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The Hidden Viaduct of the Lancashire and Yorkshire Railway

The Hidden Viaduct of the
Lancashire and Yorkshire Railway

The Old Railway Line

On a personal level, I am familiar with the Lancashire and Yorkshire Railway, or at least the disused sections around Preston and South Ribble.  I used to cross a section near Bamber Bridge on may way to school in the mid nineteen-seventies, and I am sure that there were still a few goods trains pulling loads of oil tankers crossing Brownedge Road (Brownedge Lane) that occasionally stopped us if I'd gone to school on the 113 bus.  Passenger services had long since stopped and when the goods trains had also ceased, the rail company ('British Rail') quite quickly removed the infrastructure.  This was definitely the rails and sleepers, but perhaps not the ballast straight away.  From that point forward, it became the playground of a few of the local children, myself included.

Brownedge Level Crossing, Bamber Bridge around 1905
Brownedge Level Crossing, Bamber Bridge around 1905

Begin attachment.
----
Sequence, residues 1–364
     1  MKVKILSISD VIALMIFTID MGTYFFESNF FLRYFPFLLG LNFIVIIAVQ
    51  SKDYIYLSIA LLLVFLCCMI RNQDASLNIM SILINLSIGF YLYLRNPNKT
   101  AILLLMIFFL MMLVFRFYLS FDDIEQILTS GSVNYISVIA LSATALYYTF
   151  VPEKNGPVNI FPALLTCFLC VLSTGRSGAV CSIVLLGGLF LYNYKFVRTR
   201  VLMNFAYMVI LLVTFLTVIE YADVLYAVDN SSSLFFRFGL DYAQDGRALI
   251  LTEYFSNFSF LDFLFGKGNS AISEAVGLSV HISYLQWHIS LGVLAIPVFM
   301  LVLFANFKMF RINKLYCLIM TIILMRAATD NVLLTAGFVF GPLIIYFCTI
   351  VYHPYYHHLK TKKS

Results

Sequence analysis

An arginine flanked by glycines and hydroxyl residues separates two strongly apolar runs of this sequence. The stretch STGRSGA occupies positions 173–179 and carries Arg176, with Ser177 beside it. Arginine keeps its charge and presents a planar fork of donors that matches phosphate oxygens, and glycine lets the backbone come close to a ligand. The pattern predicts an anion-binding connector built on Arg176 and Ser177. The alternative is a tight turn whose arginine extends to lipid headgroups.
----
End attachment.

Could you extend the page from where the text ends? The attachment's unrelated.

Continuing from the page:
At that point, we often would have adventures in the remains of Todd Lane Station.  The stone steps from Todd Lane North down to the the platform were starting to collapse, but safe enough to walk on and there was a room of sorts underneath that we used as a den.  All of this has now gone.  The station was removed and the bridge on Todd Lane North, over the former railway line, was infilled.  The whole area has been gradually re-sculpted.  It now forms part of a traffic free route from South Ribble into Preston.  This included in the Sustrans Cycle Route NC55.  Route 55 runs in sections between Ironbridge and Preston via Telford, Newport, Stafford, Macclesfield, Stockport and Wigan or Bolton. 

Todd Lane Station
Todd Lane Station